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Retiring Abroad

Last updated 29 March 2019 at 19:23

Whether you want to spend your retirement enjoying sunnier weather, fulfilling a desire to join other family members who’ve already moved overseas, or see retirement as the chance to start a new adventure, exploring new places and experiencing new hobbies or interests.

In order to have a successful retirement relocation, there are some crucial things to research and consider before you set off to enjoy your twilight years overseas.

Research - Time is a luxury that many people don’t have in abundance when it comes to relocating, but the more time you can put aside to do some research, the better. Whilst the thought might be off-putting, it will pay dividends later on and help you to avoid mistakes.

Property in the UK - If you decide to keep your property in the UK and it is going to be empty or rented out; you will need to let your mortgage lender and insurance providers know. You would also need to declare any income from rent to HM Revenue & Customs.

Informing institutions - Your local Council’s council tax department and electoral registration unit will need to know when you are leaving and a forwarding address. You will also need to inform banks, building societies or any financial institution that you have a policy or agreement with that you are moving abroad.

Pensions and Finances - It is important to know that you will be comfortable financially in your retirement. Pensioners that retire abroad will need to manage their finances in order to maintain the desired standard of living. Before you go you will need to check the status of any funds from pensions, whether you will still be able to access them in the county that you are retiring to, and whether you will benefit from any incremental increases to UK pensions. For those retiring abroad, there are a number of options available to maximise your existing UK pension oversees. A financial adviser would be able to advise on what the best course of action would be. Seeking financial advice is incredibly important as there are a number of financial products and pensions schemes available to expatriate retirees that you might not otherwise be aware of.

Tax - Different countries have different laws and taxes on property and income. To avoid any financial surprises, you should get detailed financial advice, so that you fully understand your tax obligations to both the country that you are leaving and the country that you are repatriating to.

Health - It is important to find out about your health and welfare rights abroad; some UK benefits are not payable outside the UK, others apply only in the EU or in countries which have agreements with the UK. You should also find out about healthcare costs in the country you want to move to and take out health insurance if appropriate to cover private medical and dental treatment, as well as medical repatriation to the UK.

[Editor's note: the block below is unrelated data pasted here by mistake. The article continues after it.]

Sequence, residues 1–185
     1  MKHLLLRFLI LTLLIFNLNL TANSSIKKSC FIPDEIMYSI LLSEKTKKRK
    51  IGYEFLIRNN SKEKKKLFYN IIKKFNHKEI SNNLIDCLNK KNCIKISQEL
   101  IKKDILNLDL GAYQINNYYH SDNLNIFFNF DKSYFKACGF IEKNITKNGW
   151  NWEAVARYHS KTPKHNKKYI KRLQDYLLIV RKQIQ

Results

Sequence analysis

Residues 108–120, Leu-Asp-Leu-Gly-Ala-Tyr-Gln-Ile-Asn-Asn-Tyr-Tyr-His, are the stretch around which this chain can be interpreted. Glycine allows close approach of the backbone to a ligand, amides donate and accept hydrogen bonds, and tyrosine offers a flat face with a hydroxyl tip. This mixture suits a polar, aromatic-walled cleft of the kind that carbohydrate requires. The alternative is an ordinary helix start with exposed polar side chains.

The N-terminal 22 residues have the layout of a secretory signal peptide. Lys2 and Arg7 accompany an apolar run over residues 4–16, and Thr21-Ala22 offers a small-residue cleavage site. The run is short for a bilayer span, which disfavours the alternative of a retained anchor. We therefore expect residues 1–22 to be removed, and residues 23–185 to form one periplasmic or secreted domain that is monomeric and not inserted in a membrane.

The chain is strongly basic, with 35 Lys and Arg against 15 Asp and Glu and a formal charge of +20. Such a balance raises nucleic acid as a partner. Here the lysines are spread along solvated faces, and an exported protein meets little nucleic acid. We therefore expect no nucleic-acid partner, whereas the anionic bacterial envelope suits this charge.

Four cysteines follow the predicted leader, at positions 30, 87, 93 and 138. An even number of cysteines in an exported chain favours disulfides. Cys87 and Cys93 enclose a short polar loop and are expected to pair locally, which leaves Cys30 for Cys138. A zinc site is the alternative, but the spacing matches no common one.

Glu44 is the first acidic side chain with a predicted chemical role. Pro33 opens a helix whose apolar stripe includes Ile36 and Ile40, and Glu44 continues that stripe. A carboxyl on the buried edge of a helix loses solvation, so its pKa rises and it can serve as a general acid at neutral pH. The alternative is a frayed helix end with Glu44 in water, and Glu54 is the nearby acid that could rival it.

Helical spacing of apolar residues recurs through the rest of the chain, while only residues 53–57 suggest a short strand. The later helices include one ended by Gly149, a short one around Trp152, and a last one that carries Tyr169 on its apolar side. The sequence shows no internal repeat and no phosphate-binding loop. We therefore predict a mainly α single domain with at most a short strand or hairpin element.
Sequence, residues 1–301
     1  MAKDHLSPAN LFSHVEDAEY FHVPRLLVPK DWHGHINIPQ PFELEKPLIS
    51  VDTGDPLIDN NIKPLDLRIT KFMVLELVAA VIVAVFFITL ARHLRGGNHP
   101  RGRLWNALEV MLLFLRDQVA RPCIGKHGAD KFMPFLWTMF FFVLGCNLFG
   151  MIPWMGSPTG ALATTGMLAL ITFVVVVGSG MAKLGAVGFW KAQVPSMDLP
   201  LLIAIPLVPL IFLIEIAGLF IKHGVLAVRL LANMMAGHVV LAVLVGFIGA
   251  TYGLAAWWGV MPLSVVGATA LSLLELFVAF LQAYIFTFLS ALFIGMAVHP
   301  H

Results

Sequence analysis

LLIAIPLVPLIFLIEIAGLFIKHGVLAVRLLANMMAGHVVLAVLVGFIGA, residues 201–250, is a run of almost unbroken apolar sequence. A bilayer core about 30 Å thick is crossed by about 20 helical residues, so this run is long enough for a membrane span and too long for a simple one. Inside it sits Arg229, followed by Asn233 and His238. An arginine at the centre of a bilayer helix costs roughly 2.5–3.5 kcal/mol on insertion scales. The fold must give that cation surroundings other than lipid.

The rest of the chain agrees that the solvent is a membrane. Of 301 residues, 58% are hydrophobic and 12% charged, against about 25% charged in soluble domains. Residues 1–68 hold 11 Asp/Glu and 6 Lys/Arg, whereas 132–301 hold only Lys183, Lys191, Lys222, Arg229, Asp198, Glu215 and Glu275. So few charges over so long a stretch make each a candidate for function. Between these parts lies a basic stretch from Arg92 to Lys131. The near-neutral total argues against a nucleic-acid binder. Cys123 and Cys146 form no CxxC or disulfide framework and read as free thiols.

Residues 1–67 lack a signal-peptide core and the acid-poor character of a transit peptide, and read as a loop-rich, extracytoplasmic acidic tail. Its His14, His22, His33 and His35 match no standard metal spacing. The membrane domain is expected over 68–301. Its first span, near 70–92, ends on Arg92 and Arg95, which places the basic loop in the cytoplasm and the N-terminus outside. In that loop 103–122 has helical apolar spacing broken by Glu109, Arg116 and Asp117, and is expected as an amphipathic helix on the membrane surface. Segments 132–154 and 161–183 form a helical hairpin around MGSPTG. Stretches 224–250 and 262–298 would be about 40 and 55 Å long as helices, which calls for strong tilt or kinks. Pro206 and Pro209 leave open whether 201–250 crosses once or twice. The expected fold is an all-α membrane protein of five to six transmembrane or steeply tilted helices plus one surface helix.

Finding local places of interest - Locating places in advance that you will need to visit once you have arrived, such as a supermarket, can be a great time and stress saver. It would be worthwhile marking them on a map so that you can find your way around when you’re out and about.

Learn about your new country - It is perfectly natural to experience culture shock when you arrive so it can be very beneficial to prepare yourself for those differences. You may think that some countries have similar cultures to the UK, but that doesn’t mean you won’t feel the effects of culture shock.

Explore - Once you are over the jet lag, you will undoubtedly be excited and full of enthusiasm about your new destination. You really should harness this energy as much as possible - now is the time to get your map out and explore the local area

Finding the perfect pad - You will feel more settled if you have somewhere to call your own, but that doesn’t mean you need to buy a house! Simply find somewhere that you can use as a permanent base rather than relying on a hotel.

Don’t let distance keep you apart - Keeping in touch with loved ones back home can help to reduce the feeling of homesickness. Nowadays, there is a wide variety of low cost, quick and user-friendly ways to maintain contact.

Join expat groups - Investigate local expat groups and, when you arrive, make an effort to join as many as possible. The members of these groups can be a vital source of encouragement, practical assistance and information to help you settle in.

Make it work for you - Simply put, there is nothing quite like research to set your relocation in the right direction; seek as much assistance as you can to help to ease the burden and get your friends and family involved in the process – they will be more than happy to help you get the best start you can.

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